advocacy means profile of nutrition has gone up
• Most of partners are funded through UNICEF and WFP,
which delayed nutrition cluster capacity to scale up due
to administrative procedures of delayed fund release
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Resource Mobilisation: SUPPLY
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Supplies
• Caseload calculations were used to identify quantity of nutrition supplies
needed.
• The cluster promoted information sharing around shelf life, storage
conditions and facilitates the planning for preposition and delivery of
supplies through regular cluster meetings and bilateral meetings with
common suppliers.
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Supplies challenges
• Partners are reluctant to share on monthly basic the status of
their stock.
• Prepositioned stocks were challenged due to security
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Resource Mobilisation:
HUMAN RESOURCE CAPACITY
Human Resources
• Capacity mapping was conducted for scale up
• Capacity gaps and training needs were identified and included in the SRP
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On-job training was on partners personnel to build their capacity on IM
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Human Resources-Challenges
• High turn-over of staff in the field
• Organisations with large scope yet limited human resources to
implement adequately at large scale
• Low human capacity of government
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Implementation and Monitoring
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Implementation and Monitoring
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Partners were engaged on the definition of objectives/activities/outcomes during
the analysis of SRP. Indicators for monitoring were then identified from each
outcome.
A Nutrition Information Management System was put in place. An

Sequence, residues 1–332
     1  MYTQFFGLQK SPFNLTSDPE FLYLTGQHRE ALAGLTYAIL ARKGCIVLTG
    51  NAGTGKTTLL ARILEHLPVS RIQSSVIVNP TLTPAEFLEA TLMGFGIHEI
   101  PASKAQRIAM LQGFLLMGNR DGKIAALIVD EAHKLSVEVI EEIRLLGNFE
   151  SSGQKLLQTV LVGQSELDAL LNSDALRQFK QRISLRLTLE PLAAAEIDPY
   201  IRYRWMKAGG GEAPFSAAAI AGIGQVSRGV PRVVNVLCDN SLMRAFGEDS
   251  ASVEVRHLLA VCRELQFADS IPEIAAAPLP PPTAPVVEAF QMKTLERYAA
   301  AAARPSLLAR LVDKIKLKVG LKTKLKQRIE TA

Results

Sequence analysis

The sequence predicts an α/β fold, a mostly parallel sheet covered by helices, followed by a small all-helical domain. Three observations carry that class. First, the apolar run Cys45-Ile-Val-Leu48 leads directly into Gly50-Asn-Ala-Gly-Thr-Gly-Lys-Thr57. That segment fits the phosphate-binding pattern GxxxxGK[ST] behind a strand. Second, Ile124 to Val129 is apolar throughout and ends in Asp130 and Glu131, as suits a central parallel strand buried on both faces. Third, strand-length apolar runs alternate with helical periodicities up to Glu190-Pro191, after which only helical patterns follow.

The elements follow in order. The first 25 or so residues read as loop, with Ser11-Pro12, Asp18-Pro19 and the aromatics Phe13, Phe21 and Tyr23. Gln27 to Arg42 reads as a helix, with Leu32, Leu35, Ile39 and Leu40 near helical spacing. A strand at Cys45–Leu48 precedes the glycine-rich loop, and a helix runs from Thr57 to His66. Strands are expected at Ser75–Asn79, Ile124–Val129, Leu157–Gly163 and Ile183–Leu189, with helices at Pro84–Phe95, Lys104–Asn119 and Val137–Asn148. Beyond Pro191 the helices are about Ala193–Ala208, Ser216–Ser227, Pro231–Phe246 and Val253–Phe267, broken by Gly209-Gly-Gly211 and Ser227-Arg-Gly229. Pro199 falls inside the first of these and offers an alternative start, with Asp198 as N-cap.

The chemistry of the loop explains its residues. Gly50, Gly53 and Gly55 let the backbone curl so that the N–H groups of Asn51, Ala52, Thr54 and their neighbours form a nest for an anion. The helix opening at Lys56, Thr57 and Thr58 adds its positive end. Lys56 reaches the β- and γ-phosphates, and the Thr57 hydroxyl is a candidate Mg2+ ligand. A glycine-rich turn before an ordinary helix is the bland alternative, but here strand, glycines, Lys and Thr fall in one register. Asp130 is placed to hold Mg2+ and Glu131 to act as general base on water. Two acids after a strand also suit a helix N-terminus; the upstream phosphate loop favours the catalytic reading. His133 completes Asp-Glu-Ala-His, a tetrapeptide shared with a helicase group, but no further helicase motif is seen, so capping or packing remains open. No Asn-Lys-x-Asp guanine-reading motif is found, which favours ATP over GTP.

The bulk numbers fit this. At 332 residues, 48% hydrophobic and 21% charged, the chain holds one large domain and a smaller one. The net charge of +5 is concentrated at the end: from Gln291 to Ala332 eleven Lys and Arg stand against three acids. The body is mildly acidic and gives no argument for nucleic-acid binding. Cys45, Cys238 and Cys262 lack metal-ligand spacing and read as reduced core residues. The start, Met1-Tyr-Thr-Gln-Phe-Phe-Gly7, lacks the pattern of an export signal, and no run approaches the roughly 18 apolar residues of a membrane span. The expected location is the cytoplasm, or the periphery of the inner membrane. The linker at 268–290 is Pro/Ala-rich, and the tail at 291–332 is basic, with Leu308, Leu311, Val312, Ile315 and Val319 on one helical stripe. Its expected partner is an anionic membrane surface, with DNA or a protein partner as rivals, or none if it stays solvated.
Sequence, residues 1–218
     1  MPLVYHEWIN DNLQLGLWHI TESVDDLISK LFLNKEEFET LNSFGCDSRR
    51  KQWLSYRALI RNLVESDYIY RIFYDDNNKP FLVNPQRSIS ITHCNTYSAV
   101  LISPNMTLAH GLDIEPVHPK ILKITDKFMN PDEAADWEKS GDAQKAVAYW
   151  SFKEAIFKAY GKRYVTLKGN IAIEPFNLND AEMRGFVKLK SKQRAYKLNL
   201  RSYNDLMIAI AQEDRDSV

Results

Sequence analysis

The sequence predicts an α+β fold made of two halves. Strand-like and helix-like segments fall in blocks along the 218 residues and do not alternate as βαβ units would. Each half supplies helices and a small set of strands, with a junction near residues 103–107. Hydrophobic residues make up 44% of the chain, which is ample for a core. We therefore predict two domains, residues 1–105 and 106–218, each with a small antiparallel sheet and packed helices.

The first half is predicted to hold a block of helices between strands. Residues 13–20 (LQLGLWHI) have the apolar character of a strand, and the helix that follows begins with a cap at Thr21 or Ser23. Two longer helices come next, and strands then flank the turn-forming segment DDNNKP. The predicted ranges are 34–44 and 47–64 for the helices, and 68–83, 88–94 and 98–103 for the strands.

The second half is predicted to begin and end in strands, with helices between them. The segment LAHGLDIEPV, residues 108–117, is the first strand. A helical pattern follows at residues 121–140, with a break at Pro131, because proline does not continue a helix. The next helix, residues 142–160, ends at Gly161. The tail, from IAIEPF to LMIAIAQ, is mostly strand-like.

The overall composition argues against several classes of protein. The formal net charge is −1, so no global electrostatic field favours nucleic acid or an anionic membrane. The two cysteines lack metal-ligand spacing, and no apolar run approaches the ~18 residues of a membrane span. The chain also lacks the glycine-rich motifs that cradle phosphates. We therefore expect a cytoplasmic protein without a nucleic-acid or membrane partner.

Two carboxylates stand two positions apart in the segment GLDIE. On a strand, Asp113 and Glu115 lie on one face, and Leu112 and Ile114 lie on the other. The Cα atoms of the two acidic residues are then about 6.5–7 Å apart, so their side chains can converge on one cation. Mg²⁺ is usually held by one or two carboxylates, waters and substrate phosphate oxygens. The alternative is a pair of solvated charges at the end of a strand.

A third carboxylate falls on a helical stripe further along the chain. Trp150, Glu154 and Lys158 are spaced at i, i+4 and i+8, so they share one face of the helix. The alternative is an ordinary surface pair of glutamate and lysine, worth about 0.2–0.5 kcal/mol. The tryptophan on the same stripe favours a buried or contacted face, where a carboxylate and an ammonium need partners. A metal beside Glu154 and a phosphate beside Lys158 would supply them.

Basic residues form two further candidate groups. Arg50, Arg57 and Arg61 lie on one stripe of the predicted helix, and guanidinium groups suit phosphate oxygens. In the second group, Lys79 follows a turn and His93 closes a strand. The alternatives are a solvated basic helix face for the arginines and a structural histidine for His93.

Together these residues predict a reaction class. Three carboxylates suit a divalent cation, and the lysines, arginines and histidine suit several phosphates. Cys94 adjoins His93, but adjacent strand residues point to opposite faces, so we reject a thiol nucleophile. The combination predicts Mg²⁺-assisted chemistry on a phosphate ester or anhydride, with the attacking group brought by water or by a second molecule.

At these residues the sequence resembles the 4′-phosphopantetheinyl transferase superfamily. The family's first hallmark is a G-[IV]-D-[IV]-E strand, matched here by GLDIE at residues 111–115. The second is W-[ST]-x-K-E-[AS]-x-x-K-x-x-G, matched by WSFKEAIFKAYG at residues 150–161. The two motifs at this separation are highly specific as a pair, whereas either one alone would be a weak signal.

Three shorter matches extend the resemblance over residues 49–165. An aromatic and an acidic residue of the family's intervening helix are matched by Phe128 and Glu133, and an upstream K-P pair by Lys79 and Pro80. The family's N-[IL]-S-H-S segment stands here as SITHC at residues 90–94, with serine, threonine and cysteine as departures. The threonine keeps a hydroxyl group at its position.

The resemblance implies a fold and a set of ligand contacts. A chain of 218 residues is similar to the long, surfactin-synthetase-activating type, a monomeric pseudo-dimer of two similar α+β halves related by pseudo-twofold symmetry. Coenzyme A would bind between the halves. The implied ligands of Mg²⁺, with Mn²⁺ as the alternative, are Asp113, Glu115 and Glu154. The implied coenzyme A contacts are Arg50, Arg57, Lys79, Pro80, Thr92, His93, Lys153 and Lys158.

evaluation/Tracking matrix was developed.
According to the protocol put in place, partners were requested to submit their
statistical reports on monthly basic using a new reporting template.
How was the progress in implementation by partners shared and communicated
within the cluster and other stakeholders through bulletin, dashboard, Sitrep and
cluster meetings.
Situation monitoring was generally done by cluster member together with cluster
coordination in the field with focus priority areas. Situation is regularly monitored
and reported against plans with direct measurement of results. Regular meeting is
held to present nutrition cluster data in nutrition cluster meetings with a focus on
analysis and response. Any data collected are analysed and feedback to partners.
Gaps in interventions were systematically identified through a regularly meeting
with partners on the ground. Information collected was used to produce
geographic mapping of CMAM services at prefecture and sub-prefecture level.
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Cluster achievements
As of end August 2014
137%
BSFP beneficiaries *(6-59 months)
MNP beneficiaries (6-59 months)
102%
IYCF counselling (pregnant and children 023 months)
49%
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50,000
100,000
150,000
200,000
80%
SAM admissions (6-59 months)
MAM admissions (6-59 months)
42%
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Achieved
1,000
2,000
3,000
4,000
5,000
6,000
7,000
Target
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Implementation and MonitoringChallenges
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Progress in gathering data and information for timely, regular reports and for
decision- makers was often, due to inadequate knowledge and skills in data
collection.
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Staff turnover, poor communication, problem of access, insecurity and
transportation make data collection and management more expensive and time
intensive.
Incomplete and no reporting affected the nutrition performance monitoring.
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QUALITY OF DATA
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Delayed on implementation due to administrative delays of UNICEF and WFP in
finalizing partnership agreements